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Back to the drawing board to save water
We’ve managed to damage nature’s ‘filter’ with air, ocean, and soil pollution, and by destroying wetlands.

Dr Cindé Greyling, a University of the Free State (UFS) DiMTEC (Disaster Management Training and Education Centre for Africa) alumni, studied drought mitigation with a strong focus on communicating important water-saving information. 

Can we run out of water?
Yes, and no, says Dr Greyling. “To our knowledge, water is not ‘leaking’ through our atmosphere. We have what we have, but that doesn’t mean we will have enough clean, fresh water forever. Nature has a magnificent way of purifying water through the water cycle. We, on the other hand, must use a lot of money and energy to purify water. Also, we’ve managed to damage nature’s ‘filter’ with air, ocean, and soil pollution, and by destroying wetlands. The other problem is a simple supply and demand scenario. More people will need more water, but not only that, population growth calls for industry development and increased food supplies – all of which require more water.”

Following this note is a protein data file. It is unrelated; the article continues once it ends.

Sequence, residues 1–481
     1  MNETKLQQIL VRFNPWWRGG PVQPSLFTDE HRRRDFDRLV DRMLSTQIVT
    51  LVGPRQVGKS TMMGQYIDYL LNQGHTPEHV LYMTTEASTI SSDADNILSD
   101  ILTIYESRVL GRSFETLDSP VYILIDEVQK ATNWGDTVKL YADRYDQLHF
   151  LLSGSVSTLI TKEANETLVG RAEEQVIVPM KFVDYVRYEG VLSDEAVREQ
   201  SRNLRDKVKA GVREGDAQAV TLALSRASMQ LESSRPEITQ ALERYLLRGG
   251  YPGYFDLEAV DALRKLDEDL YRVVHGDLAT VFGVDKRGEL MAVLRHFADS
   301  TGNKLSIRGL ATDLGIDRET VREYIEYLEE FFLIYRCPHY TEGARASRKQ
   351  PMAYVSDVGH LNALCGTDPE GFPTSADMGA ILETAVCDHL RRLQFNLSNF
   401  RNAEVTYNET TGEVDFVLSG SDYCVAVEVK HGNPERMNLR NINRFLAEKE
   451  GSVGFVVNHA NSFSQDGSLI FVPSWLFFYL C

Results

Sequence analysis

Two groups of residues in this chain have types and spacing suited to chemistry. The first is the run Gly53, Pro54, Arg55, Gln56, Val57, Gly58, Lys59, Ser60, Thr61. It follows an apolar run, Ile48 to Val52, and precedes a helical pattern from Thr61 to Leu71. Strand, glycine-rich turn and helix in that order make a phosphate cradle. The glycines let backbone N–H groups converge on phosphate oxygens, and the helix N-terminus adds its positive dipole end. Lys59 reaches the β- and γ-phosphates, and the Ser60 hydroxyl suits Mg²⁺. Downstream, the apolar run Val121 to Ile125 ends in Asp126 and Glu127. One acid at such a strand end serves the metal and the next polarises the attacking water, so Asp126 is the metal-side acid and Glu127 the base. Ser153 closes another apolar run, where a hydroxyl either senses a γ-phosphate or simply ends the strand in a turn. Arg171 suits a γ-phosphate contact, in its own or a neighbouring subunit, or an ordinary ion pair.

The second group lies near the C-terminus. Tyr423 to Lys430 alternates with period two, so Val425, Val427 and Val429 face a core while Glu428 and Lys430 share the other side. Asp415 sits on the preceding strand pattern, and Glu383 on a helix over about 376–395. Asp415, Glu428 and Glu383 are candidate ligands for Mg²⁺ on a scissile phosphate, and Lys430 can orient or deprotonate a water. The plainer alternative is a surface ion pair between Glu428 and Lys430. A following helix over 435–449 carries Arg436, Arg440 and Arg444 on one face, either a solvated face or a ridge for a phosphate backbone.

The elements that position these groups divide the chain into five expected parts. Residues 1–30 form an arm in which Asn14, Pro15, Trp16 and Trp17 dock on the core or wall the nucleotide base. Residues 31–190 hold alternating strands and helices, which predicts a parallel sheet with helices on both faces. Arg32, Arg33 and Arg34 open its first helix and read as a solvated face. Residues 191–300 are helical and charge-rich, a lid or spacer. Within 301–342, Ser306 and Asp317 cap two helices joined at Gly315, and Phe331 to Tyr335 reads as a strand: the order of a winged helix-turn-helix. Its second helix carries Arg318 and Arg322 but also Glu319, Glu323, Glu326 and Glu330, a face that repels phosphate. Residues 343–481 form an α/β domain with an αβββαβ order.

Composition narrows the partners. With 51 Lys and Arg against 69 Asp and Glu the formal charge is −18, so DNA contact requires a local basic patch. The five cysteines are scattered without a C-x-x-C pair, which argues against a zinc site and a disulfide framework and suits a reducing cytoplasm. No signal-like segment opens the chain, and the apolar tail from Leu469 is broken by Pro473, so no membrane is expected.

A war over water
Besides some Hollywood impressions, it is difficult to imagine a war over water, but it is possible. “Some experts are convinced that we are heading there, and others claim that such tensions already exist. Personally, I don’t favour these kinds of shock tactics (or truths) – social research has shown us that it rarely leads to behavioural changes. We can learn a lot from what was has been done in Cape Town. Although we all think people were bombarded with ‘Day-Zero’-scares, they were actually encouraged to adapt their behaviour with a communication campaign that hardly ever used the term ‘Day-Zero’. This approach mobilised citizens to reach record lows of water usage.” 

Adapt a new normal
Dr Greyling encourages the “new normal” set in motion by Capetonians. “Water consciousness is needed, even when the rain comes again. We’ve taken water for granted for too long. As consumers, we have the power to turn this situation around – drop for drop. Be aware about the amount of water you use, how you use it, and for what. Keep in mind that any wastage and pollution (of ‘dry’ things) also wastes and pollutes water. Generally, we need to behave better regarding consumption.”  

News Archive

Multi-disciplinary research approach at UFS
2005-10-25

UFS follows multi-disciplinary research approach with opening of new centre 

“A new way of doing business in necessary in the research and teaching of agriculture and natural sciences in South Africa.  We must move away from  departmentalised research infrastructures and a multi-disciplinary approach to research involving several disciplines must be adapted,” said Prof Herman van Schalkwyk, Dean:  Faculty of Natural and Agricultural Sciences at the University of the Free State (UFS).   

Prof van Schalkwyk delivered the keynote address during the launch of the Centre for Plant Health Management (CePHMa) at the Main Campus in Bloemfontein today (21 October 2005).  CePHMa is an initiative of the UFS Department of Plant Sciences.